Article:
Once the new RAID 0 is set up, there is one last thing that needs to be done before you can move to the Disk Utility app to create a new boot volume. Select the remaining available disk from your Accelsior 4M2, right-click and choose ‘Zero Sectors’. 

SoftRAID zero sectors

A dialog box will appear that provides two methods of doing this, ‘Entire Disk’ and ‘First and Last 100 Sectors’. In most cases, the latter option is all that’s needed (and will take less time). Click the button to continue.

SoftRAID modal popup window to erase first and last 100 sectors

When this process is complete, you should see the disk icon change to a question mark, as shown below. Note the ordering of the disks may change or be different than before. If no errors are reported on any of the disks in the Accelsior 4M2, you can now Quit SoftRAID.

SoftRAID window showing drive with a question mark

Step 7

Launch Disk Utility and find the drive you intend to use for the macOS boot volume in the sidebar, then select it as shown below. It should say “unitialized” at the top, under the Manufacturer name and related info.

Disk Utility showing drive selected

IMPORTANT: If you mistakenly select one of the three disks in the RAID 0 volume, the information will look similar to what is shown below. Make sure this is not the case before you proceed.

Disk Utility showing drive after initialization

Step 8

With the correct disk selected click the ‘Erase’ button on the toolbar, then apply the recommended settings for a macOS boot volume, and give the volume a name. In most cases, you should choose ‘APFS’ as the format, as this is designed both for use with SSDs and more recent versions of macOS and ‘GUID Partition Map’ as the scheme. When ready click ‘Erase’. 

Disk Utility erasing boot drive

When finished, you should see a dialog similar to the one below (View Details is active). Click ‘Done’.

Disk Utility showing drive erased

Step 9

You can now quit the Disk Utility and launch the macOS installer that you downloaded earlier.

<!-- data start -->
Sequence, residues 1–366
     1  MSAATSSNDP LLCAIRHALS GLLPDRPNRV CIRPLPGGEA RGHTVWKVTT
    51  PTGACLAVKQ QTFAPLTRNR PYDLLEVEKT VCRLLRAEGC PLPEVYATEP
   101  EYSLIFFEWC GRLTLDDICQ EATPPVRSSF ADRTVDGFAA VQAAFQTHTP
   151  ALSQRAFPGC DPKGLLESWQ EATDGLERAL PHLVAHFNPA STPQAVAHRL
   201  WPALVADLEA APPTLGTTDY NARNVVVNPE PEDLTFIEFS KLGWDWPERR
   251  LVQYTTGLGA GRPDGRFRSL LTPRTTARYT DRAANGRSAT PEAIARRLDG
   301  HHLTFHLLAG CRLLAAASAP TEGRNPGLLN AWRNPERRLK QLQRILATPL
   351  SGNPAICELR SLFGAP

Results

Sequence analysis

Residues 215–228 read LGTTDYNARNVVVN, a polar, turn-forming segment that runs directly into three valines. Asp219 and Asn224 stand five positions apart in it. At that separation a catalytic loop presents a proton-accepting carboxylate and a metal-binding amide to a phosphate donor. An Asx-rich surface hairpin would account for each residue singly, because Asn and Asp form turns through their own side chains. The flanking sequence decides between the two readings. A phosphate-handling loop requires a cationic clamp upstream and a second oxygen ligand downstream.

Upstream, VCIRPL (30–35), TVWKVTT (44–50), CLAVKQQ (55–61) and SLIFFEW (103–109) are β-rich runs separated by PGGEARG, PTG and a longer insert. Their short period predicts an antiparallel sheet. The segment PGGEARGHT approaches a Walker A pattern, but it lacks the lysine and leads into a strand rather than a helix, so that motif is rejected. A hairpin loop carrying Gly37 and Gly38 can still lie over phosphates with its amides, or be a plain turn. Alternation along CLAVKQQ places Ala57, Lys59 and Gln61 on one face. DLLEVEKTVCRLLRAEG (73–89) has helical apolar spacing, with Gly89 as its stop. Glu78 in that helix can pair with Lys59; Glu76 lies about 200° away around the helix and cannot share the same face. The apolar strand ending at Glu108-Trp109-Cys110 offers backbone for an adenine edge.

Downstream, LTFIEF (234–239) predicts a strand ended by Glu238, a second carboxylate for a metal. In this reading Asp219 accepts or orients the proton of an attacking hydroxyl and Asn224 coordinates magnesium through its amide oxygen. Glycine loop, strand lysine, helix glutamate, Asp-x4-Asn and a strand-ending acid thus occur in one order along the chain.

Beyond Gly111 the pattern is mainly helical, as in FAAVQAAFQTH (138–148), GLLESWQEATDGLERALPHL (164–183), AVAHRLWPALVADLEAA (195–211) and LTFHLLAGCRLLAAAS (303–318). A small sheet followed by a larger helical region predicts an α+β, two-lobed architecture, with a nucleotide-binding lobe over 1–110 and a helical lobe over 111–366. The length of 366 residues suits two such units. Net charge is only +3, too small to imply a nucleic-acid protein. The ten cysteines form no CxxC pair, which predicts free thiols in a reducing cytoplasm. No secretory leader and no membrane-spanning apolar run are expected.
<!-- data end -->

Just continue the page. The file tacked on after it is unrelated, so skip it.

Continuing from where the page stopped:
Install macOS Catalina window

Step 10

Follow the prompts until you reach the point where you select a target volume. Click the ‘Show All Disks’ item and then select the volume you created in Step 8. From this point, you can proceed by following the remainder of the prompts in the macOS installer as you normally would, and then later select your boot volume either in the Startup Disk preferences area or by Option-booting and selecting it.

NOTE: OWC can confirm that when using the 2019 Mac Pro, and following this process, your boot drive will always be seen as “external” by the system. However, it should be available in both the System Preferences (Startup Disk panel) and in the Option-Boot menu.

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Leave a Reply


  • Nice article. Thanks.

    I’m sure the principles of this (sans SoftRaid) can be applied to Sonnet’s 4×4 M.2 as well for a 3 x Raid O, 1 x APFS Video Cache Drive?

  • Thanks for the information.

    If OWC could find a way to use all four blades in RAID 0 as the boot drive that would be really great ! Then one could order a 2019 Mac Pro with the smallest SSD and erase and “unformed” it and ignore it and just use a faster and less expensive Excelsior instead.

    Way better !

  • Great article and level of details. Would like to learn more about other network storage options and solutions if you have any to offer.

    • We have a full line of Networked attached Productions Grade storage Called Jupiter. They work for small productions, and have the power to scale into the multiple Petabytes!

      Please feel free to call in and enquire. or email Luke